“It’s a lot of different stuff,” Cruz said. “I can’t even name one. It’s so many. We’re kind of learning the way they do things here. (If) they do it this way, OK, we gotta do it this way. Even if in Mexico or America, we do it differently. We’re in Japan now. I like it because my family is happy, and the area where we live is a really good area.”

Life is good for Cruz these days. Marines fans have taken to him quickly and he can only shake his head at the trip baseball has taken him on through the years.

“It’s crazy,” he said. “It feels good. I talk to my family and sometimes we’re at the train station, and a lot of people recognize us, recognize me, and that’s crazy. We live so far away from home and these people recognize us here in train stations, and they ask for pictures. It’s good. I had that in L.A. when I was playing for the Dodgers. I had that in Mexico, and now I have it in Japan. That’s unbelievable.”

Before coming to Japan, Cruz, like most ballplayers from his part of the world, grew up dreaming about MLB. It was a goal he likely inherited from his father, Luis Alfonso Cruz Sr., who would often take his son on road trips during a 16-year career in the Mexican League.

The elder Cruz was a very good outfielder. According to an article written by ESPN’s Mark Saxon in 2012, Luis Cruz Sr. was invited to join the Milwaukee Brewers’ Double-A team in 1983 but declined so he could stay and take care of his family with his higher salary in Mexico.

The elder Cruz was a star, and after retirement was on the ballot for the Mexican Baseball Hall of Fame. He was also a major reason his son remained in Florida all those years ago.

“That’s what kept me there,” the younger Cruz said. “Because there were so many times when I just wanted to quit and go home, and my dad was like, ‘Remember what you dreamed. I couldn’t make that dream come true, but I think you can. You can play in the big leagues.’ He always supported me and pushed me. He said, ‘If you want to come home, you’re welcome home. But remember, you had a dream.’ ”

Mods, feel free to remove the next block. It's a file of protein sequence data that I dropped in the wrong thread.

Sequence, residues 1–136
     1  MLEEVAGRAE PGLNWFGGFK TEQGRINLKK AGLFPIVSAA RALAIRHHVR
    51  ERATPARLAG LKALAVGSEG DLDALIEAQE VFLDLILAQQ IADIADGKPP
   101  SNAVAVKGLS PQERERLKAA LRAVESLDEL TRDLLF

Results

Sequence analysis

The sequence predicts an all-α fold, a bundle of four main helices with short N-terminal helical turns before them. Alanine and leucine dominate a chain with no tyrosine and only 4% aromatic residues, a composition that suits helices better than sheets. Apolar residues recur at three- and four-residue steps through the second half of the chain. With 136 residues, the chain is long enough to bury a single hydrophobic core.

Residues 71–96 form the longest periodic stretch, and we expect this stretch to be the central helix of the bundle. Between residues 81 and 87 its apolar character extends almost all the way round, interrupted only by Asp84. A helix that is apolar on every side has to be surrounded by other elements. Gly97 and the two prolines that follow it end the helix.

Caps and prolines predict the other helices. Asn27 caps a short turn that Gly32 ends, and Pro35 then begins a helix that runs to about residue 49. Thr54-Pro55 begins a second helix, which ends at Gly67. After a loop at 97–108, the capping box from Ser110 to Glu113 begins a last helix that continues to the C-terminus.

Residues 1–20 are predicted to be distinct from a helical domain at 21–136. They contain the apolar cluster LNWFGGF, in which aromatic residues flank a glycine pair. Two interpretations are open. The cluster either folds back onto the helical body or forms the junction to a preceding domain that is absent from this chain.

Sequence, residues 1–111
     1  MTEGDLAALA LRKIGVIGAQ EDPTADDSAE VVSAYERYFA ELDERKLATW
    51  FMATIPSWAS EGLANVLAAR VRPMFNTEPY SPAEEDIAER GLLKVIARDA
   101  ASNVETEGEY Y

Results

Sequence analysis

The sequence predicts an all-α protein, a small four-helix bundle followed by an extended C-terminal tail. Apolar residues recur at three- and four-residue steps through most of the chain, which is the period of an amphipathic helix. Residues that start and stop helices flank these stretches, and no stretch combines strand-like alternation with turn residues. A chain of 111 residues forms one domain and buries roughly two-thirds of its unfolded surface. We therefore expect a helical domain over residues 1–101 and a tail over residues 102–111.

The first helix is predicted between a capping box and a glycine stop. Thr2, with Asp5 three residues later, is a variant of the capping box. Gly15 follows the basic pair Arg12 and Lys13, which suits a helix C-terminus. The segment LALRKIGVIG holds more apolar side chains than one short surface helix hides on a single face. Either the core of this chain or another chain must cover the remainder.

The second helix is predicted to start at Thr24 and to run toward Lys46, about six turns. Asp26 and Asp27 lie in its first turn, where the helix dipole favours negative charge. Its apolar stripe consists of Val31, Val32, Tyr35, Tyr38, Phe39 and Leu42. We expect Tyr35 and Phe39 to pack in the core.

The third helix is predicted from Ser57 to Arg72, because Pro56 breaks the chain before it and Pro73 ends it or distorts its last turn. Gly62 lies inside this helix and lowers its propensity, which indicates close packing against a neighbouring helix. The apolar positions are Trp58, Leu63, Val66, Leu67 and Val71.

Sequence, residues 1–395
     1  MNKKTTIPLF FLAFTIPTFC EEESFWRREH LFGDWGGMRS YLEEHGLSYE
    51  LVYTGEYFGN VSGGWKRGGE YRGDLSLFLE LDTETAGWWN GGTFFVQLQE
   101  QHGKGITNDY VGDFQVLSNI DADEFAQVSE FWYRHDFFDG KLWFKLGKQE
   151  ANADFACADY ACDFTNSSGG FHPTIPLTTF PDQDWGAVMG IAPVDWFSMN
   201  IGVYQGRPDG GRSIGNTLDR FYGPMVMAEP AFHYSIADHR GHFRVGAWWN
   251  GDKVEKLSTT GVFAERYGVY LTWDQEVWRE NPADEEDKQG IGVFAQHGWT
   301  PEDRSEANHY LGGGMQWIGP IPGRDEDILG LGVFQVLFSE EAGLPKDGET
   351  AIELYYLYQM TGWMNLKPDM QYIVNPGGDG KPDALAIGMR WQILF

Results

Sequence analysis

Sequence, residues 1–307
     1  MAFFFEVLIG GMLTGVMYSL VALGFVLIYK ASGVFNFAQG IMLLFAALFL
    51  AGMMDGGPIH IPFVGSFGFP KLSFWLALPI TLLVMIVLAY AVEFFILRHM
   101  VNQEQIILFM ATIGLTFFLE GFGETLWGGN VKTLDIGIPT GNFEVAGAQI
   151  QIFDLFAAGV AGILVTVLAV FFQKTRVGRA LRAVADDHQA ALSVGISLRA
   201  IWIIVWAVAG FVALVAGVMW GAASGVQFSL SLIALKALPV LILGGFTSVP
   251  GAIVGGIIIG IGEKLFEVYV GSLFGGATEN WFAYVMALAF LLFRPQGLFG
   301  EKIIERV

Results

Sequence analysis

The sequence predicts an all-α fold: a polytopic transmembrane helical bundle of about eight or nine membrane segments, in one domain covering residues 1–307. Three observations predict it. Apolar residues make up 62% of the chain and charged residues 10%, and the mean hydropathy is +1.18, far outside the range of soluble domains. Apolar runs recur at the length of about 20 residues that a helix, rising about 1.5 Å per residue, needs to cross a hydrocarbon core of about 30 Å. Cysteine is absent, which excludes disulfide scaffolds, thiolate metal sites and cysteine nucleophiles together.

Cruz lived his dream, playing 195 games in the majors over parts of five seasons. His best year was 2012, when he hit .297 with six home runs, and 40 RBIs in 283 at-bats for the Dodgers, where he quickly became a fan favorite.

Things didn’t go quite as well in 2013. In March of that year, he was at the center of the brawl between Mexico and Canada at the World Baseball Classic, then played poorly for the Dodgers, who designated him for assignment that June.

“Louie just got caught in a box this year,” Dodgers manager Don Mattingly was quoted as saying by Los Angeles Times writer Dylan Hernandez in a June 28, 2013, article. “He struggled early. Trying to get him at-bats after that got tougher.”

Cruz caught on with the Yankees but things were no better in the Bronx. He had Triple-A offers that winter, but ultimately decided Japan was where he wanted to continue his career.

Japan had been an option in 2012, and the chance had come around again, and he seemingly has no regrets about taking it this time.

“In December, that’s when we (he and his family) made the decision to say, you know what, I’m going,” Cruz said.

“So we decided to come here. We have an option for next year, let’s see what happens.”